Bushwackers in Pensacola
I’m dragged into the Sandshaker Lounge during my boyfriend’s annual family vacation in Pensacola, Florida. I’m not sure what to make of it.
I’m Canadian, raised in the Northeast. South of the Mason-Dixon Line is a foreign country, and Florida is a state I was taught to mock. Now, I find myself in the Florida Panhandle: home of the Sandshaker and its infamous cocktail, the Bushwacker.
“When I first came to the Sandshaker,” says my boyfriend’s vivacious aunt as we navigate towards this parking-lot oasis, “it was about a quarter of this size.” You can still see the outlines of the small dive bar it once was. A buxom tin St. Pauli’s girl winks down at you from a busy wall of beer paraphernalia.
Frozen drinks may be gauche in the glossy bars of urban nightlife, but in the dense, sticky Pensacola heat, they are a necessity. We push past the throng to the three-tiered deck while one brave soul stays below to fight for our slushy Bushwackers. The deck is a veritable wooden fort, high enough for us to get a good look at the beach-ball shaped Pensacola Beach water tower.
Down below, a band plays and people bop violently to what the singer calls the “true country music, not the bullshit on the radio!” I spot a banjo, and a fiddle just biding its time until someone requests “The Devil Went Down to Georgia.” The band also plays a twangy cover of Bon Jovi’s “Livin’ on a Prayer,” in unintentional solidarity with my home state of New Jersey—like Florida, often mocked. I smile in appreciation.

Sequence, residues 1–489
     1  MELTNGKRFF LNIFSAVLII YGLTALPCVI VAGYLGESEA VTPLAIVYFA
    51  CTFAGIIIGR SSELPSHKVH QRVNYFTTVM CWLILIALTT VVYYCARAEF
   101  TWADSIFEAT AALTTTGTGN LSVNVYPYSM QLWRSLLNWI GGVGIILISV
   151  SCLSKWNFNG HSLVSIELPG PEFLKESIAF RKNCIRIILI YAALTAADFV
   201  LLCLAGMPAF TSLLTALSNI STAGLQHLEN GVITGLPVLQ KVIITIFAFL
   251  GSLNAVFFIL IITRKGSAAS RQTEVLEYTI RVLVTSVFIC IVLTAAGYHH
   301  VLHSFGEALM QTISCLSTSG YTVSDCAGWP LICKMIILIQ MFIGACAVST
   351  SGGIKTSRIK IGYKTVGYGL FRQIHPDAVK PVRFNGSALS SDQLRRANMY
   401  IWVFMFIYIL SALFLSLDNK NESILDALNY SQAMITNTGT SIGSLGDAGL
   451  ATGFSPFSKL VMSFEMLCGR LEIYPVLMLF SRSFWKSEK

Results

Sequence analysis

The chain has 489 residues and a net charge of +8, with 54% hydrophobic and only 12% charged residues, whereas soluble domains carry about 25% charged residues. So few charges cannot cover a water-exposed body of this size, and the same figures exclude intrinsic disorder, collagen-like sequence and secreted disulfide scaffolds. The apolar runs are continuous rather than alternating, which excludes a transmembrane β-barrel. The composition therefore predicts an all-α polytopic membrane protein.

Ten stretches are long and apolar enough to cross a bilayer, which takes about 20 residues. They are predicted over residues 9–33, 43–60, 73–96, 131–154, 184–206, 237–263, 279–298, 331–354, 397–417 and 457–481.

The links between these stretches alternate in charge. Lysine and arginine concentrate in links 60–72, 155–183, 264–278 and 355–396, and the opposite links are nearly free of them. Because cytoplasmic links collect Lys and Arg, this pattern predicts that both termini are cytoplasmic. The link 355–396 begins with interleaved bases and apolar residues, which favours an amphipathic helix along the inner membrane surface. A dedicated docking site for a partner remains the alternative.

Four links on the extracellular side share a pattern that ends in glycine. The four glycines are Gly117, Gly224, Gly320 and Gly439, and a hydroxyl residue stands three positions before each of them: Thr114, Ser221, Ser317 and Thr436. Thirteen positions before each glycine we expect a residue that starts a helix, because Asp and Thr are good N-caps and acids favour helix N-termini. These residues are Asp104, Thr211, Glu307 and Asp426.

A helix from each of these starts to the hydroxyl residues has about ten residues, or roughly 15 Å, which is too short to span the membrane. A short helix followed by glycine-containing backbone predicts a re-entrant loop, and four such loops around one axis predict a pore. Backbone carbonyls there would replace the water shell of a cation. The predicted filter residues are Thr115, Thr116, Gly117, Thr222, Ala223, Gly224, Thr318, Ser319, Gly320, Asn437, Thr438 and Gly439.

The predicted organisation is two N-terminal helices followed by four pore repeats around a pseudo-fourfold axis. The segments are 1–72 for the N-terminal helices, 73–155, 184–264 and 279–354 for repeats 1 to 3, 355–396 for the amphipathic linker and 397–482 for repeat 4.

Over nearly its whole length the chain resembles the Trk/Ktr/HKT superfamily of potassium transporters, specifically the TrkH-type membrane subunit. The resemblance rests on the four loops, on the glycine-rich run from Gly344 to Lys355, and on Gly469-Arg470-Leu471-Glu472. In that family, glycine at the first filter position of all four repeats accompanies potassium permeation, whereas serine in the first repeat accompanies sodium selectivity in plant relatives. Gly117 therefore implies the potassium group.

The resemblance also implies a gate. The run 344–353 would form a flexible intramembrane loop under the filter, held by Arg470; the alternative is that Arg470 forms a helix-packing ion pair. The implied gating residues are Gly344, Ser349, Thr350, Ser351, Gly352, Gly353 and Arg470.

The much-anticipated Bushwacker arrives, unceremoniously pierced by a plastic straw. It’s less sweet than I imagined, despite the Kahlua, cream of coconut, and several spirits, including vodka and rum. It’s not unlike a spiked milkshake, without the garnish and fancy glass. According to the bar’s website, the Bushwacker was born in 1975 in Pensacola, inspired by the Bushwacker from St. Thomas in the Virgin Islands. The Sandshaker variety comes with either ‘80 proof’ or ‘high-test 151’ (75.5 percent alcohol) rum, but none of us order the latter, because we are not fools. There’s also a blended fruit version. The most popular flavor is banana, perhaps because of its evocative name: the Bananawhacker.
As we leave, we notice a beach-themed mural brightening the remnants of the old bar. In the lower corner, the painter has signed his name—Thomas—in bold white strokes, along with his full phone number.
“I’m going to tell him I like his mural,” I announce. It just seems like the right thing to do.
I carefully input the number and send the text.
“Great mural, Thomas.”
He never responds.